Irma Thomas: Dig deeper...
Swamp Dogg: Dig deeper...
The origins of S.O.U.L. (aka Sounds of Unity and Love) can be traced back to a battle of the bands contest that was held in Cleveland, OH in 1970. The funky combo triumphed over the competition, winning $1000 and a recording contract with Musicor Records. They headed to NYC the following year, recording a single called "Down In The Ghetto Parts I and II". The song made some noise on a regional level, so Musicor invited them back to New York to record a second side. Shortly thereafter, the group headed into the studio and unleashed their raw funk energy on a wonderful little record called What Is It.
What's memorable about these guys isn't their songwriting, or even their musicianship...it's the unbridled passion and contagious energy of the grooves that they created and performed. Despite the fact that much of the album consists of covered material, S.O.U.L. managed to pay homage to their musical predecessors without sounding like a counterfeit version of (insert the name of a legendary figure such as James Brown or Charles Wright here). The LP didn't produce any hit singles for the group, but it certainly aided them in amassing a loyal and enthusiastic cult following.
S.O.U.L. released a few more albums after What Is It (including Can You Feel It, which remained on the soul charts for five months), but for whatever reason, I've always preferred the somewhat unpolished, choppy and occasionally improvisational sound of their debut. Over time, they undoubtedly became more seasoned and refined, but by that time they were quite obviously taking notes from more mainstream groups such as The Temptations and The Spinners. What Is It possesses a certain charm for me...a true soul gem in the rough.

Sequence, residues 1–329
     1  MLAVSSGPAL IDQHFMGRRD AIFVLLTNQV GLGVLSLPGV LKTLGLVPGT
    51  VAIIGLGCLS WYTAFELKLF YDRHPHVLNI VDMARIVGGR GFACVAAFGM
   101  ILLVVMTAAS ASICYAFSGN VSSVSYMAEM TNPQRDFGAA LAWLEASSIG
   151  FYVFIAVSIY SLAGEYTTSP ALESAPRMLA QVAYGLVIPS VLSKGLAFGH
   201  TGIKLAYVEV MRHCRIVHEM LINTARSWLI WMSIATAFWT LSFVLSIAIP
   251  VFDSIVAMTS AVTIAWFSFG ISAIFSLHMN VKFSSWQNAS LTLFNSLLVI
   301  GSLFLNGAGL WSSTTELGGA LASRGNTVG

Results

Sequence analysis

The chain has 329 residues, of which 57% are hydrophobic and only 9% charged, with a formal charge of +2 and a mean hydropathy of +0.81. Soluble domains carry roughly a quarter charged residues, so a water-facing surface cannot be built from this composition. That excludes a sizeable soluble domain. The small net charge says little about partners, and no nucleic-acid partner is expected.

The whole album is worth listening to if you've never had the pleasure, but "Soul" has always been one of my favorite joints on the record. Lee Lovett's monologue may seem on the surface to be some fairly basic "let me rap to you" type shit, but it's kinda smooth the way he articulates the essence of soul in words that just about anyone can understand. With all your money, you can't buy it. Even if I wanted to, I couldn't give or lend you any...
S.O.U.L. was more of a phenomenon in Europe than in the United States, a truly unfortunate oversight on the part of American listening audiences. Whether you're seeking good music, phenomenal breakbeats, or just a groove to help you make it through the day, the Sounds of Unity and Love may be just what the funk doctor ordered...
"Cleveland Is The Reason"---KiD CuDi (zShare)
"Cleveland Is The Reason"---KiD CuDi (savefile)
While we're on the subject of artists outta Cleveland, I have to take a moment to acknowledge one of the latest upstarts from The Land, KiD CuDi.
First off, I have to say this in case you didn't hear me the first time---I have a potentially unfair bias against anyone who uses "lil", "young" (especially if it's spelled without the "o", for shit's sake), "kid", "boy", "or "girl" as part of their moniker. I know that there are exceptions to this somewhat arbitrary rule, so please save your stories about how Lil' Bow Wow helped you negotiate the difficulties of life in the fifth grade. However, I'm exposed to so much music that I need to have some guidelines for discernment, and so far, this one has worked pretty well for me. That said, I'm willing to eat my words as it pertains to (cough, sputter) CuDi.